Application of Single, Dual and Multi-Touch User Interfaces on Projected Capacitive Touch Screens
One of the biggest advantages projected capacitive touchscreen technology has over other touch technologies (especially resistive touch) is the capability to support the recognition of two or more distinct touches. This is why many OEMs who design capacitive touch sensors into their products, want to have this magical feature called “multi-touch”.
However, very few applications actually require a user interface that supports true multi-touch. For example, I have been using a smart phone for years and I can’t remember a single instance when I needed more than two fingers to operate any feature or game on that phone. Even the two-finger operation is limited to the zoom function. Therefore, it’s important to consider the scope of the product’s UI when designing a projected capacitive touch sensor and defining its specification. This way, OEMs can avoid designing-in an expensive touch panel, when one at a lower cost would be fully sufficient.
Here is an overview of the capacitive touch panel designs used in various user interfaces, and their performance related to the number of touches and supported gestures. The designs are listed according to their cost starting from lowest to highest.
- Icon-Based User Interface: This type of UI utilizes predefined touch areas distributed over the screen. Within these touch areas are icons that display on the screen, often in varying menu screens. Gestures such as swiping or scrolling are not supported. The corresponding sensors only require a single layer of ITO with a predefined button layout and a simple button-type controller with limited input pins depending on the number of buttons.
- Low-Resolution, Single-Touch, Gestures in One Direction Only: With this type of UI, single touches can be sensed anywhere on the screen, not just on predefined areas. It’s suitable for devices which typically don’t display pictures that require a zoom feature, but still need single touch gesture support for scrolling or swiping. This type of interface is commonly found in industrial and household applications, remote controls, and consumer medical devices. Here, the sensor can also be realized by a single layer of ITO, typically employing a triangle or backgammon pattern. Reliable gesture recognition is supported by this pattern only in one direction, i.e. either vertically or horizontally. It requires a simple capacitive touch controller with the number of inputs depending on the screen size. Typically, these types of sensors are limited to approximately 4” diagonal.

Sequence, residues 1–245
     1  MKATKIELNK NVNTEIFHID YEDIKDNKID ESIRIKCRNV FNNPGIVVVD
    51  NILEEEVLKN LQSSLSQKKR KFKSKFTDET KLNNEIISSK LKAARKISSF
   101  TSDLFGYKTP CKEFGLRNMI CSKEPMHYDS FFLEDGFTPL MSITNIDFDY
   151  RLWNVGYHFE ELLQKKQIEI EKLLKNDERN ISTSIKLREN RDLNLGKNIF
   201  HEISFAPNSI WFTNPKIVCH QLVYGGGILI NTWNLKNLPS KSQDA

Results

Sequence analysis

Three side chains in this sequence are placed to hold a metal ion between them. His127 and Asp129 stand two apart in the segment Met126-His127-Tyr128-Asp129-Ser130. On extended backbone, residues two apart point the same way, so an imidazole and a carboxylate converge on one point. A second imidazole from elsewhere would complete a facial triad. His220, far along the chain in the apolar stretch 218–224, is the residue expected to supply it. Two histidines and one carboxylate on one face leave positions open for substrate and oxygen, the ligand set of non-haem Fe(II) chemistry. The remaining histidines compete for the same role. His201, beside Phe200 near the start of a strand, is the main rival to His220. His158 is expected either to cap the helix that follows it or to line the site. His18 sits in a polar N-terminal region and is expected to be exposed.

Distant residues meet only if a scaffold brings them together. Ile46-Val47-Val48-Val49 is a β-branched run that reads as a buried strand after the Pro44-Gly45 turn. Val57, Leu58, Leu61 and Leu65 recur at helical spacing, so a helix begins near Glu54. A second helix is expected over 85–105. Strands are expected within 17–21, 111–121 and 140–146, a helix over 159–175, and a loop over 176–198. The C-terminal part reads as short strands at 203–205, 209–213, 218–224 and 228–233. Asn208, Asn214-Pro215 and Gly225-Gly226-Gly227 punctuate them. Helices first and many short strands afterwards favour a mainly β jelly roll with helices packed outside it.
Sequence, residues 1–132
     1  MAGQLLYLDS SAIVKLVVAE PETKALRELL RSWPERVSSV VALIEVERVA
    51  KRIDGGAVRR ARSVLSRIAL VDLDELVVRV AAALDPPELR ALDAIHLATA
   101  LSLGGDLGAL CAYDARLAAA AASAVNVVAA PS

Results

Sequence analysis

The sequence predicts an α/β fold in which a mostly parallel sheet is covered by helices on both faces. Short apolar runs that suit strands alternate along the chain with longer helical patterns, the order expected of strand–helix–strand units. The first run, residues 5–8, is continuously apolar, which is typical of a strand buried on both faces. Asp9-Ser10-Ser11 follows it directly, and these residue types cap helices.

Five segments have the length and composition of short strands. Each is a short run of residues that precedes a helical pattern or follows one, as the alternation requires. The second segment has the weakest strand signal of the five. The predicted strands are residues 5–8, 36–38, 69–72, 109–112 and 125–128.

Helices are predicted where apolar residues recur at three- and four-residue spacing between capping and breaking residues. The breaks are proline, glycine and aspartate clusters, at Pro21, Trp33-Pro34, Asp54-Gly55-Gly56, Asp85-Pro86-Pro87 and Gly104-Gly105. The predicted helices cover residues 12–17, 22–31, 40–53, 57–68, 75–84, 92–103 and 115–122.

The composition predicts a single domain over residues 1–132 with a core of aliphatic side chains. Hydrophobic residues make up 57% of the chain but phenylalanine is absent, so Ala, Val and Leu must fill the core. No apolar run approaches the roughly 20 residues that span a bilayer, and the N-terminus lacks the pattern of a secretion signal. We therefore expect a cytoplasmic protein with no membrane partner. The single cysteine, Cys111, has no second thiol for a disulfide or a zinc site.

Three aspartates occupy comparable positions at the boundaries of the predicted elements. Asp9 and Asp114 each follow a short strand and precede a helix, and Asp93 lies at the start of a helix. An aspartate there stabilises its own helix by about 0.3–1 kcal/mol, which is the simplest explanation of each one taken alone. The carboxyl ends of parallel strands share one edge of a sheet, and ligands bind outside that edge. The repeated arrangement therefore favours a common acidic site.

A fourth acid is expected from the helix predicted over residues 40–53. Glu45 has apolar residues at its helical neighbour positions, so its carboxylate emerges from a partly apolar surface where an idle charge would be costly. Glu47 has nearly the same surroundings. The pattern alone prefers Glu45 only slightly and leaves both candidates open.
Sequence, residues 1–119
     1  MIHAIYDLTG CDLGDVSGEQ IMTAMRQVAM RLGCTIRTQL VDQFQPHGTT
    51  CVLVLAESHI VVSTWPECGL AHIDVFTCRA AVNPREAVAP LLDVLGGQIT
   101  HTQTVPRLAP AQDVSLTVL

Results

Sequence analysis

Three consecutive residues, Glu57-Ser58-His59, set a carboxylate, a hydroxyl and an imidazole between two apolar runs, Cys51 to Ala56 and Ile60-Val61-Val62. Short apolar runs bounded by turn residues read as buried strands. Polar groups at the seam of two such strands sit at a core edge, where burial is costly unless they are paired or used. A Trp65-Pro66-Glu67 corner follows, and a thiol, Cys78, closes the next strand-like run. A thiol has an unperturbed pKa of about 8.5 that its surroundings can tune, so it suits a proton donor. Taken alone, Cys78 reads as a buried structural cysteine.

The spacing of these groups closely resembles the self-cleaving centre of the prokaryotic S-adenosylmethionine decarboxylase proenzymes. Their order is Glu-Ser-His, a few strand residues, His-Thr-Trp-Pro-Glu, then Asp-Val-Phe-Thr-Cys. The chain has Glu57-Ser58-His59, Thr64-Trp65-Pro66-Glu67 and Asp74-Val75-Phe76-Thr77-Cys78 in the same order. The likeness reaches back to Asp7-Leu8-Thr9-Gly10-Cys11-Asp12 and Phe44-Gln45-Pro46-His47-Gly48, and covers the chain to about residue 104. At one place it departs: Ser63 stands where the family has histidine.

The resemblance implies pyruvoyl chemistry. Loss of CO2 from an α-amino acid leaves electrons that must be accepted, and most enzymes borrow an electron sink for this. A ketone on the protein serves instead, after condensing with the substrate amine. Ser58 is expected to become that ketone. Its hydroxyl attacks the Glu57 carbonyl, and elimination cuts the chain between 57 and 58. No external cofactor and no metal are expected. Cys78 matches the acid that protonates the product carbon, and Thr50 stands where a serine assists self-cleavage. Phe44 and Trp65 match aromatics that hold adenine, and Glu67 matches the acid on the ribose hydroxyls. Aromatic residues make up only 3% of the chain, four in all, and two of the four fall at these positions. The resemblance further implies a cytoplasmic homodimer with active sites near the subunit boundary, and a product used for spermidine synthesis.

- Medium-Resolution with Single Touch and Single- and Dual-Touch Gestures: This is a common user interface found on devices designed for very specific purposes, such as navigation devices, industrial, and professional medical devices. These typically feature pictures or maps that need to be zoomed but are not used for fancy games and applications. The sensor that supports such a UI typically exhibits a pattern of conductive rows and columns perpendicular to each other that are applied on a single substrate often referred to as a “caterpillar pattern”. This requires an elaborate layout where the rows and columns do not intersect on the visible part of the screen. The disadvantage of this pattern is the relatively low resolution it provides. It can be applied on sensors up to 5” diagonal.
- High-Resolution with Multi-Touch: This is the most common user interface found on consumer devices such as mobile phones, tablets, laptops and automotive applications. As mentioned above, the feature of “multi-touch” is not indispensable for everyday use, but sensors designed for higher resolution and larger screens practically provide this feature for free. Both high resolution and large size sensors require an ITO pattern on two different layers separated by a dielectric. This could be realized by laminating two substrates together (GG or FF), having the layers on opposite sides of the same substrate (DITO) or on the same side of a single substrate (SITO) where only the crossovers of the rows and columns of the sensing pattern are separated by an insulation layer. This 2-layer technology is the biggest cost factor that makes this sensor more expensive than the others. The only component specific to multi-touch is a controller that supports mutual capacitive sensing technology whereas a self-capacitive sensing touch controller would be sufficient for all the previously mentioned designs. However, such a controller does not contribute significantly to cost.
More Touch-Related Topics
- Does Your Product Need a Capacitive Touchscreen?
- User Interface Design for Touch Screen Displays
- Display & Touch System Integration
- Glass Treatments for Touch Screens
- Designing Low Reflectance Touch Panels for Sunlight Readability
- A Brief History of the LCD: From Carrot Cholesterol to TFTs with Capacitive Touchscreens